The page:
I'm all fired up after finishing Last Child in the Woods, reviewed it (sort of) here. My seven-year-old is reading the companion book, I Love Dirt! 52 Activities to Help You and Your Kids Discover the Wonders of Nature; I'm sure he'll review that too. And my sister-in-law just lent me Stolen Harvest: the Hijacking of the Global Food Supply, which I am excited about; Green Bean, will we be continuing through August?

kale for sale said...

I can't believe that I'm looking forward to hearing about a book on garbage and another called Stolen Harvest.

I'm half way through Bottomfeeder: How To Eat Ethicallly In A World of Vanishing Seafood. I'm liking it a lot. I did a short write about it because the author had an op-ed piece in the NYT last week about salmon. I'm becoming aware of 1,000 problems I never knew existed and another arena of brilliant solutions to curb the challenges of taking care of the wild oceans. It's well balanced with story and narrative too.

I like it every bit as much as Uncertain Peril: Genetic Engineering and the Future of Seeds (I wish I could change that title!) and the Omnivores Dilemma.

Green Bean said...

Abbie: Last Child is a great book! I doubt you'd be disappointed with it. I know how you feel about reading books over and over on the same topic. I read all of those books you mentioned in a row. Then, I think, I moved on to Affluenza. It was good just to change the pace. If, however, you decide to do more local eating books, bookworms really liked both Uncertain Peril (genetically modified) and Stuffed and Starved (I think a more global perspective). You can check their reviews on the Bookworm Reviews.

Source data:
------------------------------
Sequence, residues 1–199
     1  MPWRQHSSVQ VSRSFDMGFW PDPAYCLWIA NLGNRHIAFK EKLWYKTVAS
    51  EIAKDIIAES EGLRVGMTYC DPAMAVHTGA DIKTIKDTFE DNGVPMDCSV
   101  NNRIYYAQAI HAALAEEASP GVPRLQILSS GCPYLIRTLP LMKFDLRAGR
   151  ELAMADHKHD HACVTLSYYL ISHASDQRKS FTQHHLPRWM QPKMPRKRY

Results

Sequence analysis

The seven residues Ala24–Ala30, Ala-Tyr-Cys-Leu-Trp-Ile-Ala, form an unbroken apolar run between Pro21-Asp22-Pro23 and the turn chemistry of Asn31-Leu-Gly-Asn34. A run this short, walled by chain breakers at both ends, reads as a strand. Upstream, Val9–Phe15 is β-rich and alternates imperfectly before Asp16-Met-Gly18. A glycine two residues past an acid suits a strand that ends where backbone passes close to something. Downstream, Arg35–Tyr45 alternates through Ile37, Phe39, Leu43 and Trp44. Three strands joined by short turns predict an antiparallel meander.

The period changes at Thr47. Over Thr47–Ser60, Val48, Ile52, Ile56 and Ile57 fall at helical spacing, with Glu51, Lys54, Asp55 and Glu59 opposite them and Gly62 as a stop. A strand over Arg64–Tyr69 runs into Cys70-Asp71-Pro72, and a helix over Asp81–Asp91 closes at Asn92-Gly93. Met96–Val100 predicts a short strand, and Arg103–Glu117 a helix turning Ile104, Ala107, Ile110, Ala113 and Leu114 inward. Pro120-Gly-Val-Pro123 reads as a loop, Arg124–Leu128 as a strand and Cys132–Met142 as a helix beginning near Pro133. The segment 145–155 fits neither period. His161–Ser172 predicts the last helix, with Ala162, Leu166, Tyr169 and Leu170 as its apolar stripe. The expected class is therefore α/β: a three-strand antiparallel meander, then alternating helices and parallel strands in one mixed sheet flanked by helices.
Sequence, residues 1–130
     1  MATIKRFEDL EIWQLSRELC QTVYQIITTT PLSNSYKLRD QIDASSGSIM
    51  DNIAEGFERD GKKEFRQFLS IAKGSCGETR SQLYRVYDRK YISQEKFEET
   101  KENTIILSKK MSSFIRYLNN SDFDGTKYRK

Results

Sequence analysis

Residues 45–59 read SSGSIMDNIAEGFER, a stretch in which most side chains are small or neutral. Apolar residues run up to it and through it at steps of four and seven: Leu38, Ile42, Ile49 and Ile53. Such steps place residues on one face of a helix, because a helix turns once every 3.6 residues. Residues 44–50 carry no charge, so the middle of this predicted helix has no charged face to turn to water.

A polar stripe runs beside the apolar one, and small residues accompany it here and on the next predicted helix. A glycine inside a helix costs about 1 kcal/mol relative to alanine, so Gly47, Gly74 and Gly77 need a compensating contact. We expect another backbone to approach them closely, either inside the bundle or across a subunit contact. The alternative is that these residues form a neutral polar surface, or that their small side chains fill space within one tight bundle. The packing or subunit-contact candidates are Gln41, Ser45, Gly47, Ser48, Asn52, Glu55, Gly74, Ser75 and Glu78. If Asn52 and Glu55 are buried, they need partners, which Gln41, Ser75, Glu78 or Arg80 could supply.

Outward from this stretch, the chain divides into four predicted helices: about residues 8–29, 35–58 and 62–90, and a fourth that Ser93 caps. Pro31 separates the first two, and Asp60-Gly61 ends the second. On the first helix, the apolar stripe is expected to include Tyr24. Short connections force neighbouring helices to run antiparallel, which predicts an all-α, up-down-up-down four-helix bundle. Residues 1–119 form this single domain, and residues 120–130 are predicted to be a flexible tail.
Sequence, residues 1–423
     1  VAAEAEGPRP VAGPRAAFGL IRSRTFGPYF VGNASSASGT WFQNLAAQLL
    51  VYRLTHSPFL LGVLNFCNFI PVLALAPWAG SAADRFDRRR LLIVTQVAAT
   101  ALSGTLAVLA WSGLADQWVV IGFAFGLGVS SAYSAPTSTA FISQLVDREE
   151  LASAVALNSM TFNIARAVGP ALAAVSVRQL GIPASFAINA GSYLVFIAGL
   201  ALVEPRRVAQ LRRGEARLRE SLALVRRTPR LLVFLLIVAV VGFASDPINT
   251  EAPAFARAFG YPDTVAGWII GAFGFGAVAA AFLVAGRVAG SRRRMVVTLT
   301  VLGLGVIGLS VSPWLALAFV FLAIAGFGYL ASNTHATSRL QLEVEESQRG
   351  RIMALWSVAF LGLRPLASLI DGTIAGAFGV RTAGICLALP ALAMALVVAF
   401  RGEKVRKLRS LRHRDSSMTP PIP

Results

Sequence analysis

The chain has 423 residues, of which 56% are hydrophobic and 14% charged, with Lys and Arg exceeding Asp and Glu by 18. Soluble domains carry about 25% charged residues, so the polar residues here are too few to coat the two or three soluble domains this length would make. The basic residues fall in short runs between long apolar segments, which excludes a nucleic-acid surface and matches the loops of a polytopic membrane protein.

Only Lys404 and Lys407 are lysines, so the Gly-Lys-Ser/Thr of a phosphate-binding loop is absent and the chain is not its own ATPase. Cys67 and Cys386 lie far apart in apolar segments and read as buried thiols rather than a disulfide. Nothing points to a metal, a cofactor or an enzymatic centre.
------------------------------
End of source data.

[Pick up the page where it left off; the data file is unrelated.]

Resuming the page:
MamaBird: Hmm, based on personal experience, I'd tend to go with Common Wealth or Break Through as positive but informative spins on the need for renewable energy and the global need to act on climate change. Ever since I read Hell and High Water, I tend to shy away from scarier stuff. Purloined Letter really liked See You in a Hundred Years (lighter reading) about a family who lived as if in the 1900s lower energy living. Not sure, though, if that's what you are looking for.

EB: It's a great review format! No hurries on AVM review. Get the pizza out of your system first!

Arduous: Ha! I never even saw your comment - but I think I will avoid it. ;-) We must have posted our comments at the same time. I missed Melanie J too. Anyway, amlost everyone seems to be saying that about McKibben and Deep Economy. I guess I better look at it and decide for myself. I think you'll like Common Wealth. It jives with Break Through in many ways.

Melanie J: Sorry! I missed you the first time around!!! Hope you like SP. Earth in Balance? Haven't read a review of that yet. Would love your thoughts.


Cindy: Just read the info about the book on the Internet. Wow! I feel sad just reading the editor's review. Waaaa!

Sue and Abbie: Interesting. I guess you can't judge a book by its author. You can probably only write a book like Omnivore's Dilemma once in a lifetime.

Joyce: Great reviews! I've got them linked. Thanks.

Michelle, Domestic Accident and Robin - I gotta run out the door to take the kids to the park. Like it's fathers day or something! Gesh! ;-) I'll be back to respond to your comments in a bit. Short answer, yes, the "challenge" will continue.

Donna said...

I've got my "The Long Emergency" review up, now.

Green Bean said...

Michelle: I haven't heard of Economy of Nature but I checked it out. It sounds like something in line what my recent reading but, dare I say this, at a publish date of 2002, is it outdated? I feel like things are happening so fast on the enviro front that anything not published in the last couple of years is out of date. That said, I secretly (okay, not so secretly) hope you or someone else reads it so I can find out more. ;-) Also, I'll add Nature to the list. Thanks for the tip.

Domestic Accident: Total bummer! Sorry that you're not into the book. I really loved it but, looking back, I guess it was one of the first simple living books I read. Maybe I wouldn't find it as helpful now. In any event, pick a good one for next month! ;-)